Hybrid appraisals: A step forward or a step back? - by Steven Spangle

March 13, 2020 - Appraisal & Consulting
Steven Spangle 
Spangle Associates

Articles about hybrid appraisals are increasingly being written as these types of appraisals become increasingly popular with clients. Some appraisers are embracing them as the future of the appraisal industry while others are refusing to take these types of assignments. 

The term “hybrid appraisal” refers to an appraisal were a third party, someone not from the appraiser’s office, provides information that the appraiser is relying on to develop the appraisal. It is an appraisal completed on a shorter form. 

Typically the appraiser does not inspect the property personally. The exterior, and sometimes the interior are inspected by someone other than the appraiser signing the report. This type of assignment is somewhat similar to a desktop appraisal where no physical inspection of the property is completed or a drive by appraisal where only the exterior is inspected.

 That said, it is important to recognize that there are a wide variety of hybrid products offered. In some assignments, the appraiser may have the photos of the exterior and possibly the interior also, inspected by someone else and then, base the appraisal on the extraordinary assumption that the information is correct. The hybrid appraisal may go so far as involving a third party inspection, the presentation of the three best comparables, all adjustments supported by linear regression, and even a final value recommendation for the appraiser. 

USPAP does not require that an appraiser personally inspect a property (see Advisory Opinion 2). The individual appraiser has the responsibility to insure that the type of inspection will result in credible results, given the scope of work. The appraiser has the same burden as far as any additional information that may be provided and a third party.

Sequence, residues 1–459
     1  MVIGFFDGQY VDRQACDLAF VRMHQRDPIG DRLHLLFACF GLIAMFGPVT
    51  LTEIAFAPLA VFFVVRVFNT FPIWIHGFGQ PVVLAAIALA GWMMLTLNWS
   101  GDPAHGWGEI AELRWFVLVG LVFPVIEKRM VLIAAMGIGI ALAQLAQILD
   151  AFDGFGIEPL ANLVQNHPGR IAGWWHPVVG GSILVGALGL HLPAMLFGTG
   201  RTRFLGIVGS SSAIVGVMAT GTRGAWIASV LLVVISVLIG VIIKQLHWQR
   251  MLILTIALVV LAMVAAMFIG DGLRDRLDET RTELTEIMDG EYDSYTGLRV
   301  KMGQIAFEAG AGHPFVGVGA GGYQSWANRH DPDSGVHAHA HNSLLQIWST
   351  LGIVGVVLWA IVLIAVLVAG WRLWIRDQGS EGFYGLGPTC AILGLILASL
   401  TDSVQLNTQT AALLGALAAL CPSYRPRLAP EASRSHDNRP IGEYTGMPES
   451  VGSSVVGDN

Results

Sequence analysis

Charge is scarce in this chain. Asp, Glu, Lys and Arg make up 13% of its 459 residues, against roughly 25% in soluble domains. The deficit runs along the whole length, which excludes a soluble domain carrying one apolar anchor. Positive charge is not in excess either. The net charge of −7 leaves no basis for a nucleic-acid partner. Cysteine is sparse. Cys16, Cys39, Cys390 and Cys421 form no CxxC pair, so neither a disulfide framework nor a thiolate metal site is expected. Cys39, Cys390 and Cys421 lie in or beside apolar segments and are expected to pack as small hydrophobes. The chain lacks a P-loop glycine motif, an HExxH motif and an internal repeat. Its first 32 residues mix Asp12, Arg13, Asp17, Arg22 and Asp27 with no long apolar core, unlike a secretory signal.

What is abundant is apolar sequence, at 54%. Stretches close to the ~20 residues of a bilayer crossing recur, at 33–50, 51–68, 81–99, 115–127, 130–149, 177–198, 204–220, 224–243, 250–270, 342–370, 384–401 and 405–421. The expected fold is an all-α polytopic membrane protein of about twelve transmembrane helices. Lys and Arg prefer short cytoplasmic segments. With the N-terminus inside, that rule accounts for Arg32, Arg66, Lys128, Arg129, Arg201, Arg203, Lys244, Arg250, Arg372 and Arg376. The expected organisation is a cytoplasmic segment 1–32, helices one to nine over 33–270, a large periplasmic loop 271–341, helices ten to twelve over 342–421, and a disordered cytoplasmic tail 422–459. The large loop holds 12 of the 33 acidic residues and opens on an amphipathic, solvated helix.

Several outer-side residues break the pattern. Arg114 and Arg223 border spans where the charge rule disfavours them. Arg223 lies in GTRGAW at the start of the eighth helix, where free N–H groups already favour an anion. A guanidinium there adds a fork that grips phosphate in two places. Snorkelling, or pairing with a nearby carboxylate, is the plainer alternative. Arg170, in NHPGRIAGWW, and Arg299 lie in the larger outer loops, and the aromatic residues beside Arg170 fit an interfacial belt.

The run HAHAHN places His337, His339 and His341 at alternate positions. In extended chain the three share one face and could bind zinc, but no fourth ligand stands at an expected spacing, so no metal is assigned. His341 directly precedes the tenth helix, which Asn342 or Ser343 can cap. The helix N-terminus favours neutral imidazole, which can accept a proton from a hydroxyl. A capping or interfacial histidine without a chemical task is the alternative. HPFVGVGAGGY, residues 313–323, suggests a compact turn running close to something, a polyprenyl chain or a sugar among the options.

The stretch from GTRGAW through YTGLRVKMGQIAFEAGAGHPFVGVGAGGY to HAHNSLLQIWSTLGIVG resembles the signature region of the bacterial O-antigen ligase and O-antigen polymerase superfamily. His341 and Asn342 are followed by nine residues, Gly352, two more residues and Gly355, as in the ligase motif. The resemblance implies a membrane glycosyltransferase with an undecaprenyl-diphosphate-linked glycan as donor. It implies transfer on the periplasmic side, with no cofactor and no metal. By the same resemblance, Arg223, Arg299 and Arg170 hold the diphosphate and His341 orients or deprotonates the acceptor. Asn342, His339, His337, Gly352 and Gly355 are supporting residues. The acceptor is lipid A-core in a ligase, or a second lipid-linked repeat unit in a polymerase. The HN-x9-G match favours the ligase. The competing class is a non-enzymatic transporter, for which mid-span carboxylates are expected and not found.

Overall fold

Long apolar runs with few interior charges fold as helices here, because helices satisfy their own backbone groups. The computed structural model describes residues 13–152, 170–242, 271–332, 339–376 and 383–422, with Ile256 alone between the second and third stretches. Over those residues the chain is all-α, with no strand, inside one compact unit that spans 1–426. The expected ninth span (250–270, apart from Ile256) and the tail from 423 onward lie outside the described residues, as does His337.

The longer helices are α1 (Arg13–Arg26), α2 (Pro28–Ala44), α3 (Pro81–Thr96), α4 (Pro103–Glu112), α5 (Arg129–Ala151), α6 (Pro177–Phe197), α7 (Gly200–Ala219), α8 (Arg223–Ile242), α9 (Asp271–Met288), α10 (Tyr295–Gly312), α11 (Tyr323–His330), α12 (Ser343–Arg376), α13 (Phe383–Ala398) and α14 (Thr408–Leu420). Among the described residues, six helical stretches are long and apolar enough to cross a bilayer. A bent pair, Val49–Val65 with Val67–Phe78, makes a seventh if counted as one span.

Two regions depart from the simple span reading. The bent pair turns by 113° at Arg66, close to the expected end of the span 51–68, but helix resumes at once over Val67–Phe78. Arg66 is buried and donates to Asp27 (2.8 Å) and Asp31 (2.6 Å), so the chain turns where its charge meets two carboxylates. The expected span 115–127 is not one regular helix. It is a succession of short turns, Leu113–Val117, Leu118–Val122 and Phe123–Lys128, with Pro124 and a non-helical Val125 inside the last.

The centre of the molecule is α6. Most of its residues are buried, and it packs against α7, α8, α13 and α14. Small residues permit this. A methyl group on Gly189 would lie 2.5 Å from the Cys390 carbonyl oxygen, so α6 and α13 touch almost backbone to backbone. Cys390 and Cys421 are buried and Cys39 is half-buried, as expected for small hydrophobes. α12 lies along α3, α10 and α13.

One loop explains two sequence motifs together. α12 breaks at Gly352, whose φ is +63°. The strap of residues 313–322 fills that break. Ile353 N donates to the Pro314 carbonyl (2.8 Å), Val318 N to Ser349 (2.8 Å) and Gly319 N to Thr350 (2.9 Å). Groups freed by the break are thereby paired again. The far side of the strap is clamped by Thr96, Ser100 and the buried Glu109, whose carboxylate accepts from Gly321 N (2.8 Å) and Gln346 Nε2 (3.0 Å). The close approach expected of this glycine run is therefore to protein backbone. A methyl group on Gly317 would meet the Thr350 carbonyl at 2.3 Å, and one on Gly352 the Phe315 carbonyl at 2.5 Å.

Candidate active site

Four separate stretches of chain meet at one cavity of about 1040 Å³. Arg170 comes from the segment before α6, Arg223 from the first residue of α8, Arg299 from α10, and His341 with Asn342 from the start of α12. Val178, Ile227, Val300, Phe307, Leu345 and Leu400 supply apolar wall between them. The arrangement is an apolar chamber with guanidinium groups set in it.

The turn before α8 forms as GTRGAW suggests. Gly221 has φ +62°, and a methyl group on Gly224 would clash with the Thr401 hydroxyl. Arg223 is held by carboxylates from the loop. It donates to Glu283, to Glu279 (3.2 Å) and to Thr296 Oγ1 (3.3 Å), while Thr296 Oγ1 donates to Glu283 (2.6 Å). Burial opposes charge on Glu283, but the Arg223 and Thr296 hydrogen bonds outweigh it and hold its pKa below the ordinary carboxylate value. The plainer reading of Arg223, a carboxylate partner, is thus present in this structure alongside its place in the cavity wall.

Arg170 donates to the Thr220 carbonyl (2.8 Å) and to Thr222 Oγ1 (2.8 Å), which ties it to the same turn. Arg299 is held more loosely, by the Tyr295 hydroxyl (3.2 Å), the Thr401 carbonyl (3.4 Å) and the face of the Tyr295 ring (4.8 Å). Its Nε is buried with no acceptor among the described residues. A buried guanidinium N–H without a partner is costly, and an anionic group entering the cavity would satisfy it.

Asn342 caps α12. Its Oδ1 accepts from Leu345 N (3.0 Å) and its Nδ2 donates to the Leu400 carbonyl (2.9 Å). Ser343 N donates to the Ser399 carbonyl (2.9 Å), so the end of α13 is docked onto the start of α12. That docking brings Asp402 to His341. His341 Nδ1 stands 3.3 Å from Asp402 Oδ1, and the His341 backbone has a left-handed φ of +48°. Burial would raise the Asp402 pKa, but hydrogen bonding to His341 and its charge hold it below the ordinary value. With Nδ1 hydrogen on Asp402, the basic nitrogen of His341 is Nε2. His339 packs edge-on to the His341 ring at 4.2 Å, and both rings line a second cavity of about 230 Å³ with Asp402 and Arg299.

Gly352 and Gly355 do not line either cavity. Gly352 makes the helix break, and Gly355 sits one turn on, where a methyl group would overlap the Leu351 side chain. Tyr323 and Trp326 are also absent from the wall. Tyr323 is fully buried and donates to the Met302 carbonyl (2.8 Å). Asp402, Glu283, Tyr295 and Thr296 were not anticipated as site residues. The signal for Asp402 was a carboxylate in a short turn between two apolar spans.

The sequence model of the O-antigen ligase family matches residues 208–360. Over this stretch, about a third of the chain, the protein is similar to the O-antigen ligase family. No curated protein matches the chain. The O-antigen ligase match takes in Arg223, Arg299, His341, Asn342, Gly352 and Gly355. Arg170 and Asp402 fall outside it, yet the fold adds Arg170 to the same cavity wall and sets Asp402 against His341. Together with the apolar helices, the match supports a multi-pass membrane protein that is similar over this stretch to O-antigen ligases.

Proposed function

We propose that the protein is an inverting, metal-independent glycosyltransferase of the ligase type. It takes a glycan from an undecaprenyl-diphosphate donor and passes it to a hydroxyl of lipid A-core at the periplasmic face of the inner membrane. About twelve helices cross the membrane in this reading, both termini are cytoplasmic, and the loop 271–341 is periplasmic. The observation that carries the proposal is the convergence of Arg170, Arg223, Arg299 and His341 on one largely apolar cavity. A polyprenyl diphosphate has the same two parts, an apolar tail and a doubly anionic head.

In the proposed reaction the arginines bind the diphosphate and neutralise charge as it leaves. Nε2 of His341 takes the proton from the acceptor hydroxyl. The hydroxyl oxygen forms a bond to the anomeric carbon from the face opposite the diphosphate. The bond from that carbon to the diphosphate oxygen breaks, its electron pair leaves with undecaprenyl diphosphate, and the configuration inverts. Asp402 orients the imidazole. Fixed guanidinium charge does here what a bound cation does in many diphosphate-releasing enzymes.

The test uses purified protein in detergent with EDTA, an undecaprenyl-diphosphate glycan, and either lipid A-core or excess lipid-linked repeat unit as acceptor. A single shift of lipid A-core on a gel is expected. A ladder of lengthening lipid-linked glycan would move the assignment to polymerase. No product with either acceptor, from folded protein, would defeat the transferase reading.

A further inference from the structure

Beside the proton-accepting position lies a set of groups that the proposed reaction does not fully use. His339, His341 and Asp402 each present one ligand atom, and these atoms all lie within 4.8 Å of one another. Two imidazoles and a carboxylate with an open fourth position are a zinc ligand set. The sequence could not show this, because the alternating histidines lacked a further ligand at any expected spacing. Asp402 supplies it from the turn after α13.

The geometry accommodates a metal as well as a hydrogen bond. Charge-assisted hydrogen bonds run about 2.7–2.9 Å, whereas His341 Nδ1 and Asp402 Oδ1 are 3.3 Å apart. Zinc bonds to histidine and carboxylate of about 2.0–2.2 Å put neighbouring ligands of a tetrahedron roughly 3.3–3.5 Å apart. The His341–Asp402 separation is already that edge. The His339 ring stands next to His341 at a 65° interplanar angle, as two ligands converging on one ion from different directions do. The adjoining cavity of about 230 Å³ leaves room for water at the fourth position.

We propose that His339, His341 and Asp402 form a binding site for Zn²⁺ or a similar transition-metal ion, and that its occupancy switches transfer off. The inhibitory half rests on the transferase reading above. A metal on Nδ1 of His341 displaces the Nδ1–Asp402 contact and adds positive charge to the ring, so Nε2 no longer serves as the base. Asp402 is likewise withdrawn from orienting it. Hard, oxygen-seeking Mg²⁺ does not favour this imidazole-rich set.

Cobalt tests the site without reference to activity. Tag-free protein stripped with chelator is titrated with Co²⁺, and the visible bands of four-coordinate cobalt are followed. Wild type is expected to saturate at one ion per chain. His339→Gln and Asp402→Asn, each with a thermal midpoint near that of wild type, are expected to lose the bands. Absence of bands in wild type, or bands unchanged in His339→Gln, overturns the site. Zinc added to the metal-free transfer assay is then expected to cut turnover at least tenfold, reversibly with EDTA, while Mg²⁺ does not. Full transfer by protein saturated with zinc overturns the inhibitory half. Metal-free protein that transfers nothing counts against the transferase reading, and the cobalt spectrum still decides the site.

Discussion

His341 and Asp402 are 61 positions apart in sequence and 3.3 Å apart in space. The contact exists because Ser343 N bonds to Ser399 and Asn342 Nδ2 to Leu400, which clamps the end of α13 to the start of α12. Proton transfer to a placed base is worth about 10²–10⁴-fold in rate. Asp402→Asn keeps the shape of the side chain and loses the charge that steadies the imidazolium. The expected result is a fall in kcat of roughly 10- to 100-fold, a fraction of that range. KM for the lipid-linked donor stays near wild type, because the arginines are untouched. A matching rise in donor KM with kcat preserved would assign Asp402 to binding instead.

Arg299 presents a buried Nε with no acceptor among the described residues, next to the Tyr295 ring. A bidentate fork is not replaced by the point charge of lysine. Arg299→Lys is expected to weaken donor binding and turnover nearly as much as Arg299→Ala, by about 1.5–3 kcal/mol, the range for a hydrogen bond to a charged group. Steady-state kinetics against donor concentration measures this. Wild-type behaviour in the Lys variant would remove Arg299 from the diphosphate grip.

The appraiser signing a report has the responsibility to assure themselves that all sources providing inform are credible. Then, if using the information, they must use an extraordinary assumption about the information including the source providing the information.

Documenting the how the appraiser satisfied themselves of the credibility of the third party and their data is recommended. 

Verification could be limited to simply using Google maps to verify general information about the subject and surrounding properties or randomly driving by the subject and any suggested comparables or a data base search to aid in the decision to use this data.

If data is provided from an automatic valuation method or through linear regression the appraiser should have a general knowledge of how these systems work, the source of the data used and what if any testing methods were used.

From the clients perspective this type of report offers a quicker turn time for a lower fee. A lender may use the tax card to support an equity line but change to a hybrid format for the enhanced reliability. They may also use them for a high equity first mortgage or for evaluation purposes.

Many appraisers are resistant to accepting a hybrid assignment. This is not how an appraisal has always been done or they may lack confidence in the information they are receiving. As a result they will not accept the assignments.

Other appraisers may view them as the future of the appraisal industry and as an additional product they can offer to clients.

When the decision is to use some method of a hybrid appraisal, appraisers must keep in mind that it is the appraiser who signs the report that is responsible for the credibility of the report.

Individual appraisers must determine if this is a step forward a step backward.

Steven Spangle, SRA, MRA, is president of Spangle Associates, Auburn, Mass.

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